First, the current law unfairly affects families of veterans when the veteran is the sole provider of income for the family. As everyone knows, VA is not a family health care provider except in the extreme case of a permanently disabled service-connected veteran. Therefore if a veteran--even a service-connected veteran--uses the VA health care system, current law does not even allow that veteran to contribute money on behalf of his family to an HSA. What good does that do? Why would we prohibit a veteran from providing health coverage to his or her family? In my opinion, that does neither the veteran nor his or her family any good. It is simply a well-intention policy when applied to HSAs, with a harmful, unintended consequence as applied to veterans.
Second, under current law VA is permitted to bill insurance carriers for the treatment of nonservice connected conditions. Further, many veterans are required to pay copayments to VA in order to receive that same care. So, veterans have out-of-pocket medical expenses and VA can bill their insurance provider. Yet we have a policy that disallows the establishment of a tax free account to pay for those medical expenses and--even worse--provides a disincentive for the veterans to buy an insurance policy that VA could one day bill. Again, I understand the genesis of the policy. However, it is having unintended consequences when applied to our veterans.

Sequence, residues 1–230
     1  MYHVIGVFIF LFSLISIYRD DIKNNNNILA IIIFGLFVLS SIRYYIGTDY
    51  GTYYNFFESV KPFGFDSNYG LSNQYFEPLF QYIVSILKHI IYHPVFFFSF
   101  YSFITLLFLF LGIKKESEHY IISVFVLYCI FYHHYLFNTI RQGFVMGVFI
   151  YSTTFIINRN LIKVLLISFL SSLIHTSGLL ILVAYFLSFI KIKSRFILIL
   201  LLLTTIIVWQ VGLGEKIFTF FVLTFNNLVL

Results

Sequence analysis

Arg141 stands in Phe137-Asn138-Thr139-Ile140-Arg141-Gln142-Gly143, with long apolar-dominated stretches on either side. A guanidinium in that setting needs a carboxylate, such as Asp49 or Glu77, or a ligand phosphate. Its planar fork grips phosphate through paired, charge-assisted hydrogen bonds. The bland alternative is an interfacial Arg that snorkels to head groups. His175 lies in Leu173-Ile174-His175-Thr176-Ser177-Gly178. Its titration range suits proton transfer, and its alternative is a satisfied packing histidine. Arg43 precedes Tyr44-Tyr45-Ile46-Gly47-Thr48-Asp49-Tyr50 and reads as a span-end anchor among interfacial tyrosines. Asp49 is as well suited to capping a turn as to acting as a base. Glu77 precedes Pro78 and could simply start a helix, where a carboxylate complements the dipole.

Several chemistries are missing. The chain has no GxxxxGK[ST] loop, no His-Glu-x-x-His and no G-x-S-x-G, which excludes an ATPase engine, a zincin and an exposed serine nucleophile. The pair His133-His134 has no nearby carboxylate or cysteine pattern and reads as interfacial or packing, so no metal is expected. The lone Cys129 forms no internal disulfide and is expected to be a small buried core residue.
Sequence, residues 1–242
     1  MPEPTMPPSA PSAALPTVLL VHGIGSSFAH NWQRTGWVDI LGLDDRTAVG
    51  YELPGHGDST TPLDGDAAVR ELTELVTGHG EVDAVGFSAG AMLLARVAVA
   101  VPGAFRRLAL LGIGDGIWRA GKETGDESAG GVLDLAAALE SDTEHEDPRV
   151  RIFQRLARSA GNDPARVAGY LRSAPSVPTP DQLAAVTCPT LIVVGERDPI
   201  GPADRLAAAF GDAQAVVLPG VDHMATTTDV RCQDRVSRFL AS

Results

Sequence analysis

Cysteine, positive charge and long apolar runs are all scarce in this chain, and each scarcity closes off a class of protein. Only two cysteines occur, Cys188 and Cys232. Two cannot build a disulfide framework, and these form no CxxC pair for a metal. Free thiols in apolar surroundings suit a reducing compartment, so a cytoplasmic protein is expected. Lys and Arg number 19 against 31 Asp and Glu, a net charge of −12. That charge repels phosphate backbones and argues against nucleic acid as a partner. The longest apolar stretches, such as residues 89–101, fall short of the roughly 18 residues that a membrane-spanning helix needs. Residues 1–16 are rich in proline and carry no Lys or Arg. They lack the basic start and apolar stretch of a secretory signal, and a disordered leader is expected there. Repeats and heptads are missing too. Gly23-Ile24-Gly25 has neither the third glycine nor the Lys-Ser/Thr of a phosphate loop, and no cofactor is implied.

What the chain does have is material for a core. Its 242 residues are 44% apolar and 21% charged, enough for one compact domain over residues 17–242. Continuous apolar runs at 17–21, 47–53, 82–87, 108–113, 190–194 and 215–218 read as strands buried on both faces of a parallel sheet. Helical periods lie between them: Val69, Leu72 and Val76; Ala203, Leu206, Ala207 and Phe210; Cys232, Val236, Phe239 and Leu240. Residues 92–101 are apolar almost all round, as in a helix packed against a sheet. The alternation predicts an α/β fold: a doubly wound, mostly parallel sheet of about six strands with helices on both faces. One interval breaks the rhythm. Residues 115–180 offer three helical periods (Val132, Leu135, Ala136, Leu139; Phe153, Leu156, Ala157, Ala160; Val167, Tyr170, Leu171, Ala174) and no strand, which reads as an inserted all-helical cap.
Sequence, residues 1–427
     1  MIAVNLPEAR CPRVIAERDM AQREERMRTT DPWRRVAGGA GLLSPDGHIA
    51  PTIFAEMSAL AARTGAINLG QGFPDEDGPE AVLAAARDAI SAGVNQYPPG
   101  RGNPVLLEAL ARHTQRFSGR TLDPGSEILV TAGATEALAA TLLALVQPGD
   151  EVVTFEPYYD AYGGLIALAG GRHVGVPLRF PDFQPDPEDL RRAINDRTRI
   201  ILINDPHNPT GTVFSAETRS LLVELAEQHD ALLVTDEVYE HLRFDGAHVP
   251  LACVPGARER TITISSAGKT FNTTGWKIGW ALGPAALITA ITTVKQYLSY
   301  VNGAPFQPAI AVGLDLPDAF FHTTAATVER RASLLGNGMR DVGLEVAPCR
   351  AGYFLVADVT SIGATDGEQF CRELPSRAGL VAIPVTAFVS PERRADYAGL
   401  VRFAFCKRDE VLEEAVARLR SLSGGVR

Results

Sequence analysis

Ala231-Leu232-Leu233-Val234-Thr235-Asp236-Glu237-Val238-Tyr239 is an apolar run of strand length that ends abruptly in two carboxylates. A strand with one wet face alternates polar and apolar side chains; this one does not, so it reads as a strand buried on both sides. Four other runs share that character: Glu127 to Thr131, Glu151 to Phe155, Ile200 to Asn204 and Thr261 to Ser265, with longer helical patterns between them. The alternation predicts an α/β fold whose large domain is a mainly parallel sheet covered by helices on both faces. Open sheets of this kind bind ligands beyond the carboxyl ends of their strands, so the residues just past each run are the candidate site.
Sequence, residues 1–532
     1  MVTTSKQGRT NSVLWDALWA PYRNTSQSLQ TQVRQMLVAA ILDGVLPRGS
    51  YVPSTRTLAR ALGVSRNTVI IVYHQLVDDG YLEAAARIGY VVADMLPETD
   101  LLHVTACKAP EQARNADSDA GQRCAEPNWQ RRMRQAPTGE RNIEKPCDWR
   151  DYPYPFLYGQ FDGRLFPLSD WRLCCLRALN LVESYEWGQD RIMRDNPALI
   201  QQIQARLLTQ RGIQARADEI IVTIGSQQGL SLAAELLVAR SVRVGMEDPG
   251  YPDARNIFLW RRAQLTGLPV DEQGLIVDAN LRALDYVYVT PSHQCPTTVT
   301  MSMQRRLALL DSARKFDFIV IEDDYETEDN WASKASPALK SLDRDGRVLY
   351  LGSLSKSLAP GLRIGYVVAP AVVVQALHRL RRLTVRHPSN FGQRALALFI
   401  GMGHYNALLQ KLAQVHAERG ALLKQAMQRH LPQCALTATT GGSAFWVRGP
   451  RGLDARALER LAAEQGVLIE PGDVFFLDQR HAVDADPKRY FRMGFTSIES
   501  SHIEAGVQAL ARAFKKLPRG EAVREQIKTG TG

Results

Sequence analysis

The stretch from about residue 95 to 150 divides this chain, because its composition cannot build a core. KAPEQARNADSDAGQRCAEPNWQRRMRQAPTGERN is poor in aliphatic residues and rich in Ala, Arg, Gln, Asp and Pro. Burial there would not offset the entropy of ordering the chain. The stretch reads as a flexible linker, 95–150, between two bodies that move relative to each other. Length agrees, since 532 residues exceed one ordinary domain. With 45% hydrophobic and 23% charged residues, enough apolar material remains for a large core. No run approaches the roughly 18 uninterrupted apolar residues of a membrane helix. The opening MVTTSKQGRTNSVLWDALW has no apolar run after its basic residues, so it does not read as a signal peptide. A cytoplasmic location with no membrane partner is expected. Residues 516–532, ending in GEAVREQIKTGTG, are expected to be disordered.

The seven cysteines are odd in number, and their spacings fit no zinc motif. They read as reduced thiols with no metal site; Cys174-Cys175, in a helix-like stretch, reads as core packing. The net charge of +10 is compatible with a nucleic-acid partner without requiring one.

Finally, while it is true that more and more veterans are choosing to use VA as their provider of choice as a result of the excellent care provided by the system, there are still hundreds of thousands of veterans who use VA because they are financially unable to afford the private health system. I am proud that this Nation stands by those veterans who cannot provide for their own care in the private system. However, I do not think we should statutorily preclude them from even trying to take control of their own health care finances.
What harm would come if a veteran, who uses VA today because he or she has no other option, was suddenly allowed to purchase a low premium, high deductible plan and then begin to contribute to a savings account that he or she would now own. I say no harm at all. The only thing that could come of this is that the veteran may one day say to his government: I was there for you when you needed me. You were there for me when I needed you. Now, I no longer need you.
Again, I am not saying that veterans should feel as though I am trying to get them to leave the VA system. I am not. But, I certainly do not want to stop a veteran from choosing to buy insurance, start saving in an HSA, and one day leaving the system. I think one of the things government can do for its citizens is provide the tools and assistance that will allow Americans to provide for themselves. That is what this legislation is about.
I am confident that many of you will agree with the premise that it is a basic issue of fairness to support allowing service-connected veterans to establish HSAs. But, I also hope that I have demonstrated here today that it is sound public policy to extend the HSA option to all veterans who use VA's health care system.
I urge my colleagues to be cosponsors of this legislation and I urge passage of the bill as soon as possible.